WV Civil Rights Lawyer

Police Misconduct, Civil Rights Law

The Federal Officer Removal Statute 28 U.S.C. 1442(a)(1)

Here is a recent filing in the United States District Court for the Southern District of West Virginia.  It has to be one of the oddest things I have ever done in the realm of criminal defense.  Most lawyers know that a civil case in state court can be removed by the defendant(s) in certain circumstances.  In fact, most plaintiffs lawyers in West Virginia, usually myself included, do everything they can to avoid such a scenario.  But did you know that in certain instances, state criminal prosecutions can be removed to federal court?  Well it’s true.  Similar to being a plaintiff in the 4th Circuit, usually it would be a really bad idea to handle a criminal case in federal court rather than in state court.  Defendants almost always get hammered in federal criminal prosecutions.  But conceivably there are situations where you do want to be in federal court – especially one in which state court officials (e.g., prosecutors/magistrate judges) have formed a lynch mob and are going after your client.

28 U.S.C. 1442(a)(1) is known as the federal officer removal statute, and allows state court cases of almost any sort to be removed (forcibly) to federal court.  It is usually used in civil cases. For instance, if you were to try to sue an FBI agent in state court, it would quickly make its way to federal court using this removal statute, and it would be there about 5 seconds before being dismissed.  But 1442(a)(1) also allows for state criminal prosecutions to be removed.  It has rarely been used, mostly because scenarios which would invoke it rarely occur.  It requires that a federal officer be charged with a crime in state court, and that he or she have a colorable federal defense (usually federal immunity) to the charge.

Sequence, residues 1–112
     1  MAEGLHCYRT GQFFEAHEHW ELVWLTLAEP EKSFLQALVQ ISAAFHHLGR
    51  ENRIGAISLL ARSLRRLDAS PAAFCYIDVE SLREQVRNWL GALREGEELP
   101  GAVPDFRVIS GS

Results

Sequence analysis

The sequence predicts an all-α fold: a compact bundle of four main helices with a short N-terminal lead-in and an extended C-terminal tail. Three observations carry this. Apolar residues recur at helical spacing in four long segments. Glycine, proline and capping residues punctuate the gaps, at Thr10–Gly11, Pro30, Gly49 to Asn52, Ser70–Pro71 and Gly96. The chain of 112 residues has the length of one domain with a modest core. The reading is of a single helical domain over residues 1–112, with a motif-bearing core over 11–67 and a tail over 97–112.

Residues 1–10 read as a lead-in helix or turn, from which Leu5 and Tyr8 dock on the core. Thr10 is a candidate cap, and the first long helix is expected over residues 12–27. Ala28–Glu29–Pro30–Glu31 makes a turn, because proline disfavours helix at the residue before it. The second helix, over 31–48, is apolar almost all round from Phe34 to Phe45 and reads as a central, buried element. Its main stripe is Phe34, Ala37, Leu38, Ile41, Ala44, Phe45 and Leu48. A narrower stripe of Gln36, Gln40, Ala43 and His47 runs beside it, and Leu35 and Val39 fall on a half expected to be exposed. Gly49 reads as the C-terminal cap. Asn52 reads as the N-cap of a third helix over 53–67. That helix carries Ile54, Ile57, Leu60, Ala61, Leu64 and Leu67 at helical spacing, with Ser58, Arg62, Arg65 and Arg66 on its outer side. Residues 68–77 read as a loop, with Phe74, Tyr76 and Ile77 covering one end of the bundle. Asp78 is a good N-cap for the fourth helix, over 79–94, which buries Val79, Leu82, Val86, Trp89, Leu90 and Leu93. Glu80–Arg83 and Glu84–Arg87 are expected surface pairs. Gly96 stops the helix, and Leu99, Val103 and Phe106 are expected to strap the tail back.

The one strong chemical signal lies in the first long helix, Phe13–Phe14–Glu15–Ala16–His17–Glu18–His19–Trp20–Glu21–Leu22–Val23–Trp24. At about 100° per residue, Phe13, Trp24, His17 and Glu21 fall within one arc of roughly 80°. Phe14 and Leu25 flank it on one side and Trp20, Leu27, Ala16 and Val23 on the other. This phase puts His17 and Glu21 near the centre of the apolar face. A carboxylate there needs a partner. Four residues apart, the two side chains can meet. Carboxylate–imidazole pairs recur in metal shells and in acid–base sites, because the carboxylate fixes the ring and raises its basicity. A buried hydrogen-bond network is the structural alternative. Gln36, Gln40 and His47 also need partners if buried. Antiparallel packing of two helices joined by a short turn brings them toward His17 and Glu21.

In our scenario, my client does indeed have a colorable federal defense – LEOSA (Law Enforcement Officers Safety Act).  Passed in 2004, it allows current or required qualified law enforcement officers to carry concealed weapons notwithstanding any state or local laws to the contrary.  My client is a federal law enforcement officer and was charged with carrying a concealed weapon. The arresting state cop and the state prosecutors have claimed complete ignorance of the federal law.  And since it is a misdemeanor, it has been in the West Virginia magistrate court system, which in this case at least, equaled complete ignorance and disregard for federal law.  Using 1442(a)(1) I was able to file a Notice of Removal in federal court, which barring a remand by the federal judge, will completely divest the state courts from jurisdiction over the prosecution.

Between the civil lawsuit we filed over this, and the protracted criminal litigation (which is on its way to a state record for volume of misdemeanor litigation) it is mind numbing that state prosecutors and law enforcement would dedicate so many resources and expenses in order to secure a misdemeanor conviction on one person.  Beware, cross your local authorities and you could be next.

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December 23, 2010 - Posted by | Concealed Weapons, DOJ, John H. Bryan, Judges, Lawsuits, Lawyers, Legislation, Police Misconduct, Prosecutors

2 Comments »

  1. A couple of decades ago, back when I clerked for a federal judge, we used to ride a circuit covering three divisions in the Northern District of Texas. It was always my understanding that if I got a speeding ticket or the like while heading to or from one of those places, I could have it removed to federal court.

    Never got to try doing it, though.

    Comment by Jeff Gamso | December 23, 2010 | Reply

    • I think the state of the current case law is this: if there was an official reason for you to be speeding, then removal to federal court is proper. It was already held not to apply to postal workers who committed traffic offenses, as well as military convoy driver who committed a traffic offense, killing another driver. In other words, being within the scope of employment is not enough in and of itself. There has to be some sort of colorable federal defense. For instance, if the military convoy orders ordered a maximum separation distance, then it may have applied, because federal immunity would have been a valid defense.

      Comment by johnbryanlaw | December 23, 2010 | Reply


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